Poor water quality and habitat conditions have led to the decline and loss of populations of the Carolina heelsplitter and threaten the remaining populations. Studies have shown that freshwater mussels, especially in their early life stages, are extremely sensitive to many of the pollutants (chlorine, ammonia, heavy metals, etc.) commonly found in municipal and industrial wastewater releases. Impoundments (dams), channelization projects, and in-stream dredging operations directly eliminate habitat. These activities also alter the quality and stability of remaining stream reaches by affecting the water flow, temperature, and chemistry. Agriculture (both crop and livestock) and forestry operations, roads, residential areas, golf courses, and other construction activities that do not adequately control soil erosion and water runoff contribute excessive amounts of silt, pesticides, fertilizers, heavy metals, and other pollutants that suffocate and poison freshwater mussels. The alteration of floodplains or the removal of forested stream buffers can be especially detrimental. Flood plains and forested stream buffers help maintain water quality and stream stability by absorbing, filtering, and slowly releasing rainwater. This also helps recharge groundwater levels and maintain flows during the dry months.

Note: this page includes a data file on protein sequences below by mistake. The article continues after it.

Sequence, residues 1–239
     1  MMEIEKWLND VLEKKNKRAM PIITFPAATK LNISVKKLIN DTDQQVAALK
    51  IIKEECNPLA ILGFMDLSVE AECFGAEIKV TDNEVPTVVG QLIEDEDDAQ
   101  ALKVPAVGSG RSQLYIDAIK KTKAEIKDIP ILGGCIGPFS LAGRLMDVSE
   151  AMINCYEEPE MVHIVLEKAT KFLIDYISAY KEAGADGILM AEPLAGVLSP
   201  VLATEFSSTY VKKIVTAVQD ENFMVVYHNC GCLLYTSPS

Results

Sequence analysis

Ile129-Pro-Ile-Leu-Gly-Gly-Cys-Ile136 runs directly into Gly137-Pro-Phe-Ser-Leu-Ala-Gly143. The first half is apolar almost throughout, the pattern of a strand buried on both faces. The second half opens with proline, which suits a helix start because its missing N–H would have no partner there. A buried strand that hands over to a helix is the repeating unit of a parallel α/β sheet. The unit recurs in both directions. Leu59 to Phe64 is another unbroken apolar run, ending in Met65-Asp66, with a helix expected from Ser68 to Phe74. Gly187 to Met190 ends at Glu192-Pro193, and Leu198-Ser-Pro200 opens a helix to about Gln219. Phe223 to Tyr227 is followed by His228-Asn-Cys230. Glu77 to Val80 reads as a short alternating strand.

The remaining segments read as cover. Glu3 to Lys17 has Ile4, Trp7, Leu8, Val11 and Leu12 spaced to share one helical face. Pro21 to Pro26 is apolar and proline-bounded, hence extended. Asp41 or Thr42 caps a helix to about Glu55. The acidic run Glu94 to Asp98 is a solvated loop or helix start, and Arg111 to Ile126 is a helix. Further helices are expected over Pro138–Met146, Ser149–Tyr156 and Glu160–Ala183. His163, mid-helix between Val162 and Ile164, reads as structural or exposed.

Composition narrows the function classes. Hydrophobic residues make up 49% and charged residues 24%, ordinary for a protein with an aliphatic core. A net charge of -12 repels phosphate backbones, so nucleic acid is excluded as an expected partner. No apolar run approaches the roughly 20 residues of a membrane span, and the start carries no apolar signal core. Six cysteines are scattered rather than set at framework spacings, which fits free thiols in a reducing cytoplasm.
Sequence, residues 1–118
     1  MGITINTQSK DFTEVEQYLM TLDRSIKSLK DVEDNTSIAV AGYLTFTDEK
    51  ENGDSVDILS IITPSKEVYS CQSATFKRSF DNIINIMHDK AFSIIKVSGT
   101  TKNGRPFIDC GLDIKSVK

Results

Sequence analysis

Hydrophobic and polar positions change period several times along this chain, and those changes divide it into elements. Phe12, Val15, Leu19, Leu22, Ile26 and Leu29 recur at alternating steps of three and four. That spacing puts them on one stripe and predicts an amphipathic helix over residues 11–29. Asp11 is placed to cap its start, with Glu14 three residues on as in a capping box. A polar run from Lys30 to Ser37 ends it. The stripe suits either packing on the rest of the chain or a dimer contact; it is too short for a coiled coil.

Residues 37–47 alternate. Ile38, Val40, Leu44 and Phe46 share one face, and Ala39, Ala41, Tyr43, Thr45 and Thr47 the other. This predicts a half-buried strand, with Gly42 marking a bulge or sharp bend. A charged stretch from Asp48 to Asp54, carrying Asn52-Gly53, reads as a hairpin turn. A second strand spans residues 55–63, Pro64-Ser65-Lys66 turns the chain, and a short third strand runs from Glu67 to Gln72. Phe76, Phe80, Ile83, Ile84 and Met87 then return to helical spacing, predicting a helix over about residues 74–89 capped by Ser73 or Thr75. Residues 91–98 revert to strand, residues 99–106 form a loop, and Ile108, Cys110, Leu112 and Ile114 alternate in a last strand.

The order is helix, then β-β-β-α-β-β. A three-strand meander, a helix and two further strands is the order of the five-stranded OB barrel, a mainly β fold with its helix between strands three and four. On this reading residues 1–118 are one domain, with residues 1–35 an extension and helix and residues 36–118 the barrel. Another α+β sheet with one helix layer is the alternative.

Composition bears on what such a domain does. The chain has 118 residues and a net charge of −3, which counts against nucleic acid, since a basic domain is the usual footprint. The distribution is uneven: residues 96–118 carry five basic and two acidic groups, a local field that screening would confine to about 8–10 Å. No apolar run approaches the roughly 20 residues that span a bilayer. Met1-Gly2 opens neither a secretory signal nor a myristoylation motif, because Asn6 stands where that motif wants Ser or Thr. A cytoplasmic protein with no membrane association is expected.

Establish four distinct viable populations that are protected from present and foreseeable threats, with at least one population each in the Catawba, Pee Dee, and Savannah River systems, to downlist.